Once the emcee was hired he (yes, they were all he's, of course) would spend a lot of airtime reminding his audience where he would be found that week and who was performing. And the best way to promote a radio station turned out to be the inordinately frequent Live Broadcast: disc jockeys headed out the station door to tire factories, drug stores and gas stations where they held their shows, much to the delight of the public. Your corner gas station changed management every six months, and this always called for a live broadcast for an entire week from the likes of WHIL's disc jockeys.

Another big public relations stunt was the Record Survey. The radio stations would send in their playlists to record stores which would then compile them and hang a list of the most-played records in the store, Each week, a star would be put next to a new record on the chart, announcing its status as Record of the Week. WVMS (now WEZE), for instance, sponsored a new wrinkle on this procedure whereby if you came in and told the record store salesperson that "Joe Smith sent me," you'd get the record for half price.

TV or not TV

Television began hitting its stride in the 1960's, and it was perhaps inevitable that the fledgling technology would join hands with sock hop mania, and emerge as a local bandstand television show in perhaps every city in the U.S. Boston's own Bob Clayton, WHDH disc jockey who favored the diluted r & b covers such as Pat Boone's Tutti Frutti and Steve Lawrence's Speedo, seems to have begun the first Bostonian version at the Boston Ballroom, televised before American Bandstand with Dick Clark hit the airwaves nationally in 1957.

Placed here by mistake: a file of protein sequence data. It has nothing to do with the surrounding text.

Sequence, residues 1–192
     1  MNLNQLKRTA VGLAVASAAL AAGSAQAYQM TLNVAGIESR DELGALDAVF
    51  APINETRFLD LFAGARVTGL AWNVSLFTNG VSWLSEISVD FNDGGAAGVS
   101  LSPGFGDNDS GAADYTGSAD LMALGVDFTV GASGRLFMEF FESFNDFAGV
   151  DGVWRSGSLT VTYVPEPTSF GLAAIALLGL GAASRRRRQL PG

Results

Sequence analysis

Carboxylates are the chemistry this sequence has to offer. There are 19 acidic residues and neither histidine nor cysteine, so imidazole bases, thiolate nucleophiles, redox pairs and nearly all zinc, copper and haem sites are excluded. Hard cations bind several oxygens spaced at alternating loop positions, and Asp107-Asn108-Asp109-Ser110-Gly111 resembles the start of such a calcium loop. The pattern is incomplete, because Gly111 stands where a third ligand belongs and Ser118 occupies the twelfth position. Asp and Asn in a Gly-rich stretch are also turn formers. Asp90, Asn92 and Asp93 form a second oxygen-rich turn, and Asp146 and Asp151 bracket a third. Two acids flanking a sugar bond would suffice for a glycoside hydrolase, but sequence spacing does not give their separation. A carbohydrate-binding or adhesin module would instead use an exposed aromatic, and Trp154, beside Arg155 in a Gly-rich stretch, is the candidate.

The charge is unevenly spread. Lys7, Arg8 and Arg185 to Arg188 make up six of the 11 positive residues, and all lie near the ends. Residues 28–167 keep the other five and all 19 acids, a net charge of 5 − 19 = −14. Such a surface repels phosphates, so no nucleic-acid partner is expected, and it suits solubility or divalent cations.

Little Walter, local music historian, explains the impact. "The Bandstand concept was historical and it was a crazy idea at the time! It showed for two hours every afternoon, teens dancing, but it was CHEAP! Those stations didn't have to pay teenagers nothin'." On Clayton's show, the G-Clefs and Freddie Cannon's Spindrifts would often play, but, most of the acts consisted of "a lot of" local junk that never made it."

Meanwhile back on the farm...

Alan Freed (the disc jockey we mentioned in last issuers article who popularized the term "rock 'n' roll") had by now migrated to New York and began promoting rock shows while dj-ing on WINS. At the Brooklyn Paramount his shows grossed almost a quarter of a million dollars in a series of weekend concerts. He took the series over to the Broadway Paramount on Washington's birthday in 1957, getting ready to kick off his national "Alan Freed Rock Show" tour which would make an historic stop in Boston in May of 1958. The tour starred Jerry Lee Lewis and, promoted Freed's new movie, Don't Knock the Rock

ABC, seeing this success and that of the record hops on TV in major cities, thought it was the right time to incorporate this trend into a national format, nee American Bandstand, a tribute to the white teen idol.

In our next article, we will tell you about the Alan Freed riots which marked Freed's descent into hell and the rise of Dick Clark's lily white empire.

This article originally appeared in The Beat on 2/01/85
(c) Charles William White III